After facing some backlash, Bally’s Corporation hoped to pivot to a new Richmond casino location. The city, though, said it’s too late for that.
The past few weeks have included protests and increasingly organized opposition to the project. As a result, Bally’s executives have been trying to squelch the complaints.
Earlier this week, that included a “listening tour” to hear directly from Richmond residents. Those same residents will vote on a casino referendum in November to determine the fate of a casino in the Virginia capital.
Bally’s latest community outreach effort, though, was a bit bolder: completely relocating the proposed $650 million casino-resort.
Richmond casino location angers some Richmonders
Along with The Cordish Companies and Urban One/Colonial Downs, Bally’s is one of three finalists for the Richmond casino project. The price tag on Bally’s Richmond Casino Resort is the richest of the group at nearly two-thirds of a billion dollars.
However, Richmonders clearly aren’t looking solely at the financial particulars of each project. Instead, the Richmond casino location has been front and center during increasingly heated discussions.
Officials have proposed building Bally’s Richmond on a 61-acre plot that’s located at the intersection of Powhite Parkway (VA-76) and Chippenham Parkway (VA-150) near Forest Hill Avenue. However, some residents from the nearby Stratford Hills neighborhood have vehemently opposed the proposed site.
In response, Bally’s proposed moving the project. According to Richmond.com, the Rhode Island-based company recently asked City of Richmond officials if it would still consider its proposal if it moved to a new site. The new one would be located on a vacant lot behind Rosie’s Gaming Emporium on Midlothian Turnpike. (It’s one of five Rosie’s historical horse racing facilities located in Virginia.)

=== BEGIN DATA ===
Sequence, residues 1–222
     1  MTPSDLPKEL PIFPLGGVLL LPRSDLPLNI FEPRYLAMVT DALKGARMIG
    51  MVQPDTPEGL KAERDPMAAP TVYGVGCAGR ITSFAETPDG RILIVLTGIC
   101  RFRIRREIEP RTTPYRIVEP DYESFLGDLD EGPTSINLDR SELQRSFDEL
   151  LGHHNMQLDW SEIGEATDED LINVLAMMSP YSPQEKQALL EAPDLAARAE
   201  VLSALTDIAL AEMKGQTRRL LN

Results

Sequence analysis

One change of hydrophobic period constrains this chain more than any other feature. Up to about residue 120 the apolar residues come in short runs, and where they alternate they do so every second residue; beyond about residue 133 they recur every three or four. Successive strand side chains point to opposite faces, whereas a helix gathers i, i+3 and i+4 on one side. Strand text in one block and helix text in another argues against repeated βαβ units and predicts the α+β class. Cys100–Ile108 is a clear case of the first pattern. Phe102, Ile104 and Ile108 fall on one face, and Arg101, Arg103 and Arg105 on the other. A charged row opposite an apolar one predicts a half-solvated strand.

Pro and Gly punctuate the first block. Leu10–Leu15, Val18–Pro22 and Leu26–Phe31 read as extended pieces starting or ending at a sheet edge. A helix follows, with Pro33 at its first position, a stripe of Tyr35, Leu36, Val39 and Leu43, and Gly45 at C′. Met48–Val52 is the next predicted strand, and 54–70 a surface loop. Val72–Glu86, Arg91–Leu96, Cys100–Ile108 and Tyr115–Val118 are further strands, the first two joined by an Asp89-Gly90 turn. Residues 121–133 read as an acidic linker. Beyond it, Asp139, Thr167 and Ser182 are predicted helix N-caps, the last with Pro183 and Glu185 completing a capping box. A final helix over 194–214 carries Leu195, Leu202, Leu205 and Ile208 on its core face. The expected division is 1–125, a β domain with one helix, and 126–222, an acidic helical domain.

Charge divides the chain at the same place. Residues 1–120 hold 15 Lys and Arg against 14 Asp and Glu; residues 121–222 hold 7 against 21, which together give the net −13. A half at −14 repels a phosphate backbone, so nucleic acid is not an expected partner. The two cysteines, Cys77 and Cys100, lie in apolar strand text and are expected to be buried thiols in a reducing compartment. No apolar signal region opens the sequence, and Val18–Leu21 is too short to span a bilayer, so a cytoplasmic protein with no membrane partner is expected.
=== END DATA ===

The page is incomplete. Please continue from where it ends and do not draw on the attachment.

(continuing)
However, on Wednesday, the city issued a response. And for Bally’s, it’s a no-go.
City says no to Richmond casinos changes
According to Richmond.com, Bally’s Corporation also recently started “pushing to have the city select an operator and site independently of each other.” In other words, the city could still choose Bally’s but then tell the company where to build.
The city nixed that idea, too.
Leonard Sledge, Richmond’s director of economic development, said in a statement on Wednesday evening:
“The city has been consistent throughout the resort-casino (Request for Qualifications/Proposals) process in its evaluation of a single site submitted by each respondent to the RFQ/P. The operator and site go hand in hand.”
One councilperson told the newspaper it would “undermine the integrity of the evaluation process” if Bally’s abruptly changed its proposed location. That’s especially true considering the city already eliminated three proposals that were deemed inadequate.
Instead, the city will evaluate the initial proposals, which offer various visions for the proposed gambling venue.